It’s no secret that fans of the Friday the 13th series are highly critical of the ninth installment of the franchise, Jason Goes to Hell: The Final Friday. I freely admit that I have shared the same sentiments as the rest of the horror community. The reasons are not difficult to understand. It is just so different than the other entries in the series. The formula is completely changed, and something new is erected in its place. After Jason Takes Manhattan, fans had no reason to expect such a dramatic change. Because of this, it seems that fans have been biased against this movie from the get go. This is especially true of newer fans who have basically heard nothing but bad things about this flick. I decided it was time for me to watch the movie again with a more open mind to see if the criticisms still hold up. I did something similar a few years ago for Friday the 13th Part V: A New Beginning, and that has since become one of my favorite entries in the series.
Jason Goes to Hell opens up with our favorite killer (being played once again by Kane Hodder) being blown to smithereens after being trapped by the FBI. After his remains are scooped up and sent to the morgue, his spirit (for lack of a better term) is imparted into the coroner after (inexplicably) taking a huge bite of Jason’s heart. The coroner, now possessed by Voorhees, sets off to kill. What follows is a narrative where we see Jason’s spirit being passed off to people, who become possessed and commit grisly murders. Bounty hunter Creighton Duke discovers that Jason can only truly be killed by a member of his bloodline, and that he can be back to his normal unstoppable state if he possesses one of his family. The only known surviving members of Voorhees’ family are a half sister and her daughter. Creighton intends to stop Jason before he gets to them and once again restores his immortality.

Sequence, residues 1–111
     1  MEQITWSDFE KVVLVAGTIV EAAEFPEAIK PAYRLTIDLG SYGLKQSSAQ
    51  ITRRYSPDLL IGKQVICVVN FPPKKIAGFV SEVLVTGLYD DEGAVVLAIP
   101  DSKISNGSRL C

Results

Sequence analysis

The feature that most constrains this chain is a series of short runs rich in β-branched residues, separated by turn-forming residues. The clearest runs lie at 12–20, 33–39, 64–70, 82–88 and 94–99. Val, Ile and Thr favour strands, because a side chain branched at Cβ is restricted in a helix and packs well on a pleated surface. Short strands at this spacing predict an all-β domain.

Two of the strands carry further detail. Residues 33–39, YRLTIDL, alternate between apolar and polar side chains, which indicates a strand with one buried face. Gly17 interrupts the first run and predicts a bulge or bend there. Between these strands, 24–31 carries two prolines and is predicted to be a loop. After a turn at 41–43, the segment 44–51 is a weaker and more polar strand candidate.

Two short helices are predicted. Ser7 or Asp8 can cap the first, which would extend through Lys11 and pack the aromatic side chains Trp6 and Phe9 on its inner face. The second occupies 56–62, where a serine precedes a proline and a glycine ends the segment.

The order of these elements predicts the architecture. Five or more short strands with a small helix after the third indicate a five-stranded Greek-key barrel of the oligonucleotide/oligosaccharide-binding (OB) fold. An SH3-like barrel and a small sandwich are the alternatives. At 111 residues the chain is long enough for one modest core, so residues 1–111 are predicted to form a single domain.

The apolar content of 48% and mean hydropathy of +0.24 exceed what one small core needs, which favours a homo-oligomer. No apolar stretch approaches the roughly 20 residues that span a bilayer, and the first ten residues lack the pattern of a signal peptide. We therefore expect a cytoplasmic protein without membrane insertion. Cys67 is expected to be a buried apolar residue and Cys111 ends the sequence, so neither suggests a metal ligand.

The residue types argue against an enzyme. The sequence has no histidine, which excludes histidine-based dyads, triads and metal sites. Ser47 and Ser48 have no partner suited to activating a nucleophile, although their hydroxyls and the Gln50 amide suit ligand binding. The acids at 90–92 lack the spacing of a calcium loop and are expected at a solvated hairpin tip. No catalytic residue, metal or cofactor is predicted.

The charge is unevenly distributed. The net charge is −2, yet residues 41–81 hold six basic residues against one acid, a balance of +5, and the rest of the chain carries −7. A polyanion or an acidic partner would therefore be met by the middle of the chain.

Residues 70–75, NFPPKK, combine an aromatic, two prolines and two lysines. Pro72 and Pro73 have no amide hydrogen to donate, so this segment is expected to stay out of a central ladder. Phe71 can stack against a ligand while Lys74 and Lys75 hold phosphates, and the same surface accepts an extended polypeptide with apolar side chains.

I will get into the details, but at the outset I wanted to say that I really did enjoy this film with this viewing. First of all, I really opened up to the new narrative. Obviously over the course of the franchise Jason has evolved from a timid mongoloid to an unstoppable, supernatural juggernaut. The films portrayal of the supernatural aspect of Jason is actually a lot of fun. Sure, it doesn’t feel like a Friday the 13th movie, but the idea that Jason can continue his killing spree after his earthly body has been completely decimated. It adds to the mystique of the unstoppable monstrosity. Along with that, the kills were really fun (some of the best in the whole series). There was some great gore effects reminiscent of the efforts of the 1980’s. There’s a fantastically nasty scene of a man melting. The movie is shot beautifully in my opinion and the score is fantastic. I am of the opinion that if the movie got rid of the references to the Friday the 13th series, fans would by enlarge love it.
That being said, the criticisms are not completely unwarranted. The film does NOT feel like a Friday film. The traditional elements that fans came to know and love were missing. Camp Crystal Lake was barely mentioned, and we didn’t get to see 90 minutes of Kane Hodder in a hockey mask murdering people. It’s hard to imagine a Friday the 13th film with other people doing the majority of the killing. Learning more about living relatives of Jason, and that mutant worm parasite thing are completely knew to that cinematic universe. That being said, I think it’s high time people start watching this movie with an open mind and enjoying it for what it is.
To sum it up, this viewing greatly increased my view of this film. I went from giving it probably 3/10 to probably 7/10. As difficult as it may be, horror fans need to stifle their expectations a bit when watching Jason Goes to Hell. If you go into this movie expecting it to be like the other films in the franchise, you will surely be disappointed. If, however, you go into the film ready to receive some freshness injected into the Jason Voorhees mythos, you can enjoy the film for what it is: a beautifully made, gory, paranormal slasher. And who doesn’t like that?